On Saturday, the Magic pulled off the ultimate fantasy-style trade and completely revamped their team by sending away a couple underperforming players (Vince Carter and Rashard Lewis) in exchange for a few guys who look great together on paper (Jason Richardson, Gilbert Arenas and Hedo Turkoglu). Someone should formally invite Orlando Magic general manager Otis Smith to a celebrity fantasy league next season.
Here's a player by player breakdown of those involved in the trades and the other players who are affected.
The Arenas era has come to its much anticipated end Washington. The talented-yet-troubled guard will take his talents to Orlando and will either come off the bench as their sixth man or start at shooting guard alongside Jason Richardson at small forward. Had this trade just been about Arenas, he'd be a good bet put up similar numbers with the Magic as he had with the Wizards this season. However, throwing Jason Richardson into the mix raises some questions, like how are all these scorers going to get their shots off? Arenas has averaged 15.7 shot attempts per game this season, Richardson 15.6, Dwight Howard 13.3, and Jameer Nelson 12.1. These four players would have to account for nearly 70 percent of the team's 82 shot attempts just to keep their scoring numbers steady. That high usage rate will not be sustainable on this team, meaning all four players will lose attempts to some extent. If Arenas' decrease in shots is offset by a better shot selection, his field goal percentage may finally climb above 40 percent, and fantasy owners should be able to live with that. Overall, it's not a great move for Arenas, but he should be able to maintain most of his fantasy value even if he comes off the bench.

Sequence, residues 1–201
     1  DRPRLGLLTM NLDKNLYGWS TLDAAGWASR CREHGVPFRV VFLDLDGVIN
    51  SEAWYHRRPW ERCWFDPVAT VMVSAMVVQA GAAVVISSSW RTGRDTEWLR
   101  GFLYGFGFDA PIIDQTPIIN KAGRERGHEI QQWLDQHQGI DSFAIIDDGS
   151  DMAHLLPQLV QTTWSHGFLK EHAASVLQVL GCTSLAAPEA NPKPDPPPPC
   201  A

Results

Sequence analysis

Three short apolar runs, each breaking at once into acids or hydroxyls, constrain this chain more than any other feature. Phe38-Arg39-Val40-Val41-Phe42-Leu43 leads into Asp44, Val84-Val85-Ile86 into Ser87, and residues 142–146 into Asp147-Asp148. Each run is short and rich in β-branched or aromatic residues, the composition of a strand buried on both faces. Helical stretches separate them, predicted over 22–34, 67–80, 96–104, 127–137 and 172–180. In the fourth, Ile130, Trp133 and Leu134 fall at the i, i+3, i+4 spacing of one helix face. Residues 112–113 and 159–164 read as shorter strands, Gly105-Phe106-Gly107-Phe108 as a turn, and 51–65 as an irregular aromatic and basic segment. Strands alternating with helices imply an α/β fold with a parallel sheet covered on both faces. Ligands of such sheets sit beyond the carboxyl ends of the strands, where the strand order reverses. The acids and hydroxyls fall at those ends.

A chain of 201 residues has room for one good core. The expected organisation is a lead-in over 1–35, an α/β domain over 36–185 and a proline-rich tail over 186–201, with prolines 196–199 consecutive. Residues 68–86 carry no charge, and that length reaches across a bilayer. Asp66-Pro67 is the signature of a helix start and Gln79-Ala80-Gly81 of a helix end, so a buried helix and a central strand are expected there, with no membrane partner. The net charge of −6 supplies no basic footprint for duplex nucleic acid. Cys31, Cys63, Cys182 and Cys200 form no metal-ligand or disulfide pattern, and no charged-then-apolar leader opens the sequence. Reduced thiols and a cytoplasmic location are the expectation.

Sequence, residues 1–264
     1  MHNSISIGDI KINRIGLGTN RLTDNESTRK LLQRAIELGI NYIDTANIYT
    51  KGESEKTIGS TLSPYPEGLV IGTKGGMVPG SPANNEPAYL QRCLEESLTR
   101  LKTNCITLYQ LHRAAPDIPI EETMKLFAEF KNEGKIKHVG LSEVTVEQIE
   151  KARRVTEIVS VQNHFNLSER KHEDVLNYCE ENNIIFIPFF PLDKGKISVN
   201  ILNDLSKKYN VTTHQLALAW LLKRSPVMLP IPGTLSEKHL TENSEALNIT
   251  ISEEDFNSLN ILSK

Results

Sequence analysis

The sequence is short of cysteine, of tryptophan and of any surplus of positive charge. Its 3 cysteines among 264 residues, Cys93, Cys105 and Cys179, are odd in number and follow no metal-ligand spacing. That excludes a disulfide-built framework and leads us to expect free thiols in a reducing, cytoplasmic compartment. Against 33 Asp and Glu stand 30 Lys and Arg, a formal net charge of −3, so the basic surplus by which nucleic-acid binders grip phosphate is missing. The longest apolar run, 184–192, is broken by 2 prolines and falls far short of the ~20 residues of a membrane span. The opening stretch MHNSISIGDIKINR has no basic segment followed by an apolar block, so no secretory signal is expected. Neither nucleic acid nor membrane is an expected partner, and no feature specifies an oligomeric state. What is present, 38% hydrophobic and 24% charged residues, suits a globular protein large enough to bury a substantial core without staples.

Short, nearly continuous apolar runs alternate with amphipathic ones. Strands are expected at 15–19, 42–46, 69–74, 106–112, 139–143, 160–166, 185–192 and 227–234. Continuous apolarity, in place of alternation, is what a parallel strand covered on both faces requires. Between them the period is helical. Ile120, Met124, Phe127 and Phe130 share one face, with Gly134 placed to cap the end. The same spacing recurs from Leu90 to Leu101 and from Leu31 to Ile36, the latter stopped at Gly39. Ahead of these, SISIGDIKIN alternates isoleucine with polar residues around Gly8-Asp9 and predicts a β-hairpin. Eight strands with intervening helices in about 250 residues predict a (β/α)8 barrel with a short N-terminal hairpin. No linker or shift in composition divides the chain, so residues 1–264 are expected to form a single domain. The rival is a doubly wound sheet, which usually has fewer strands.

Richardson joins the Magic to either start at shooting guard in a traditional lineup or small forward if the Magic decide to play small. He provides the team with a much needed slasher to collapse defenses and get his teammates open looks. But like Arenas, it's going to be difficult for Richardson to maintain his 19 points-per-game scoring average with Orlando. The Suns are currently sixth in the league in possessions per game, while the Magic are 25th. This means fewer possessions and fewer scoring opportunities for the talented scorer. On the positive side, he should continue to hit more than two threes a game in an offense geared around the three point shot. If Richardson can play like he did in 2009-10 -- with 16 points, 5 rebounds and 2 threes a game -- fantasy owners should take it.
While he won't be changing teams, the team around him is certainly changing, and Nelson will suffer the biggest hit fantasy-wise as a result. Nelson has been on his way to making up for a disappointing 2009-10 season by averaging a career high 7.3 assists. But Arenas and Turkoglu are players who thrive with the ball in their hands, so expect Nelson to play off the ball more often and his assists to fall back into the five per game range. Nelson will still be a low end fantasy point guard, but his value is definitely heading down.
Turkoglu is worth a speculative grab if he's available in your league to see if he can regain some of the success he experienced with the Magic from 2004 to 2009. Whatever Turkoglu's role, it will be better than what he managed to scrape together as the eighth guy in the Suns' rotation. He can start at either forward position for the team, so his minutes and numbers should increase across the board. If the Magic use him in a point-forward role again, his assists could jump back into the 4-5 per game range.